261293 Chronic disease management for homeless Veterans: The role of substance use and peer support

Tuesday, October 30, 2012 : 1:10 PM - 1:30 PM

Sonya Gabrielian, MD, MPH , MIRECC, West Los Angeles VA, Los Angeles, CA
Anita Yuan, PhD, MPH , Health Services Research and Development Center, West Los Angeles VA Healthcare Center, Los Angeles, CA
Ronald M. Andersen, PhD , Department of Health Services, UCLA School of Public Health, Los Angeles, CA
Roy Brown , Vet to Vet Program, West Los Angeles VA, Los Angeles, CA
James McGuire, PhD, LCSW , Incarcerated Veterans Programs, West Los Angeles VA, Los Angeles, CA
Lisa Rubenstein, MD, MSPH , Center for the Study of Healthcare Provider Behavior, Veterans Health Administration, North Hills, CA
Negar Sapir, MPH , Health Services Research and Development Center, West Los Angeles VA, North Hills, CA
Lillian Gelberg, MD, MSPH , Family Medicine, University of California, Los Angeles, Los Angeles, CA

At VA Greater Los Angeles, the Department of Housing and Urban Development and VA Supported Housing (VASH) offers housing and case management for 1800 homeless Veterans. Given the profound substance use, mental health and medical treatment needs of this population, we developed a pilot program to increase the efficiency and effectiveness of service utilization through peer support and Care Coordination Home TeleHealth (CCHT), a chronic disease management program. Two peers in recovery from substance use disorders (SUD) and mental illness served as health coaches for Veterans with CCHT in VASH housing.


We used Plan-Do-Study-Act cycles for quality improvement. We reviewed medical records to identify baseline health conditions, service use (prior and subsequent year) and peer session content.


The 16 Veterans in VASH housing with CCHT have serious SUD, mental illness and chronic medical conditions. They are high utilizers of VA services, with a mean of 19 primary care and 19 specialty visits over the past year and no change in service use even with peer support and CCHT. Social isolation is a salient problem for homeless Veterans and many describe particular reluctance to disclose substance use to providers. The health coaches provided social support and clarified the common misconception that VASH housing requires sobriety.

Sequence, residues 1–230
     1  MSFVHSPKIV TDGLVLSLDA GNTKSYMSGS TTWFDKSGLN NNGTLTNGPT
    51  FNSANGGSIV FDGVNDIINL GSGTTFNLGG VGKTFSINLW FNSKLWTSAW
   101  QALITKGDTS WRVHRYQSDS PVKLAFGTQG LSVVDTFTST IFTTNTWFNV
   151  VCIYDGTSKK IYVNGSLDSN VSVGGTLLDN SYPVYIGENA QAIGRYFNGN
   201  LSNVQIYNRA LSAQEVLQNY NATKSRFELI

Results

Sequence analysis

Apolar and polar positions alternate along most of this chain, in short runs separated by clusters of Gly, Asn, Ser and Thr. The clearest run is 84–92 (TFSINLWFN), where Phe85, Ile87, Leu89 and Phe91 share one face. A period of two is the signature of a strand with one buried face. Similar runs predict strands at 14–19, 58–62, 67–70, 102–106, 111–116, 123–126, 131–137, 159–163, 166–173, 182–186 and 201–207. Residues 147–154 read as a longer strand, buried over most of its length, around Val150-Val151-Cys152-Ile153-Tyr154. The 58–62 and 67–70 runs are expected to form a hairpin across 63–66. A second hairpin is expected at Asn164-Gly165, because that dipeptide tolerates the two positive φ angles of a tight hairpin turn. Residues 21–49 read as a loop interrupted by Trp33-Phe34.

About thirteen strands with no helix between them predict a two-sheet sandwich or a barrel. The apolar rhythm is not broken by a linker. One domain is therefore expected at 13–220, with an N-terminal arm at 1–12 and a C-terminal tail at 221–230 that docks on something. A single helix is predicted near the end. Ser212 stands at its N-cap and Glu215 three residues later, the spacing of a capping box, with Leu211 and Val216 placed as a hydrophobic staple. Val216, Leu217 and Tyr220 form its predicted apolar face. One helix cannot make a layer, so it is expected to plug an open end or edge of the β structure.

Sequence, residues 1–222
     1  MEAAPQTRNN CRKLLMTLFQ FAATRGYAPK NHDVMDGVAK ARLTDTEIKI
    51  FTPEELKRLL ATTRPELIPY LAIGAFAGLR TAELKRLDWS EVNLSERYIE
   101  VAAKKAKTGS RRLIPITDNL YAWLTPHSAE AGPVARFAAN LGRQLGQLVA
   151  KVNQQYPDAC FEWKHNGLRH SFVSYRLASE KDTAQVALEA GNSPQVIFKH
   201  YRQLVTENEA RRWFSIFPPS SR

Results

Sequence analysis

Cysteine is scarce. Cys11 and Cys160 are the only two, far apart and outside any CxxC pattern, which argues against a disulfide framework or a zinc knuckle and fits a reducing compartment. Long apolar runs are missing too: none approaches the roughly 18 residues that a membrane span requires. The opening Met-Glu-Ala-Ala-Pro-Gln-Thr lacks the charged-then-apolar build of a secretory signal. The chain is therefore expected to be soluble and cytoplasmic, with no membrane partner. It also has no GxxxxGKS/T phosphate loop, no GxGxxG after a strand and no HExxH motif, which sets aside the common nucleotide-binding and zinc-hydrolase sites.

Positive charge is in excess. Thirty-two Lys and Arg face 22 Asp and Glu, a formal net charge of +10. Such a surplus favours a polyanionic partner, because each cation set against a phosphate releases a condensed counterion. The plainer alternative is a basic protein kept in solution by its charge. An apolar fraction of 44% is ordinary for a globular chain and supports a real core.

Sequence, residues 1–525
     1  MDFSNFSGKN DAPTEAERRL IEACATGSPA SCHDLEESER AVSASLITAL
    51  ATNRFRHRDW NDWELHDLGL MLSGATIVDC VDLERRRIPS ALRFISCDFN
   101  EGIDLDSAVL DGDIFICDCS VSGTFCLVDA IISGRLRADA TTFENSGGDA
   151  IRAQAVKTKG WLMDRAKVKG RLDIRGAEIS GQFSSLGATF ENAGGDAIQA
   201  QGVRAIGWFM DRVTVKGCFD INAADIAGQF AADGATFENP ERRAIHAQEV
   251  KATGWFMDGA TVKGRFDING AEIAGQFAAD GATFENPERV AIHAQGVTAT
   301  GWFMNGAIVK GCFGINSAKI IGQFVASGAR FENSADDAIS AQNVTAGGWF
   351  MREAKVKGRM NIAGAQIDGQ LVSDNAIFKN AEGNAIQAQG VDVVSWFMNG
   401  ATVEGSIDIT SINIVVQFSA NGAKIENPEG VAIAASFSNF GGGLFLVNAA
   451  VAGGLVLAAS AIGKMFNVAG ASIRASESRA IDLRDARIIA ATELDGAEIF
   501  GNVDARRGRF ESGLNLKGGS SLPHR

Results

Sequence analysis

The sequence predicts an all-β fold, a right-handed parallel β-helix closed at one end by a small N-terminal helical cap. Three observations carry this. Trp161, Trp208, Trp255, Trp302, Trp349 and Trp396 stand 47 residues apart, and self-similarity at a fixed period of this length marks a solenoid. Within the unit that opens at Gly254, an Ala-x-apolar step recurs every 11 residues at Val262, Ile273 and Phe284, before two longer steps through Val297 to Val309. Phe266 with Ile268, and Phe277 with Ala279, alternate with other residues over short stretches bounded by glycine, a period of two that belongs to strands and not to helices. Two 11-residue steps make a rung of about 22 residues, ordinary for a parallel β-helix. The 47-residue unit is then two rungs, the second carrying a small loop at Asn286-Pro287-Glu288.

Substance use is closely related to chronic disease management for homeless Veterans. Though this intervention did not decrease VA service use, it elucidates the role for peer-delivered motivational enhancement therapy to manage chronic disease for homeless veterans.

Learning Areas:
Chronic disease management and prevention
Program planning

Learning Objectives:
Describe the implementation of a peer health coach program for Veterans with a history of homelessness and chronic medical illness. Discuss the role of substance use disorders in chronic disease management for homeless Veterans.

Keywords: Homelessness, Peer Counselors

Presenting author's disclosure statement:

Qualified on the content I am responsible for because: I am a psychiatrist and health services research fellow focused on improving systems of care for homeless Veterans with serious mental illness and/or substance use disorders.
Any relevant financial relationships? No

I agree to comply with the American Public Health Association Conflict of Interest and Commercial Support Guidelines, and to disclose to the participants any off-label or experimental uses of a commercial product or service discussed in my presentation.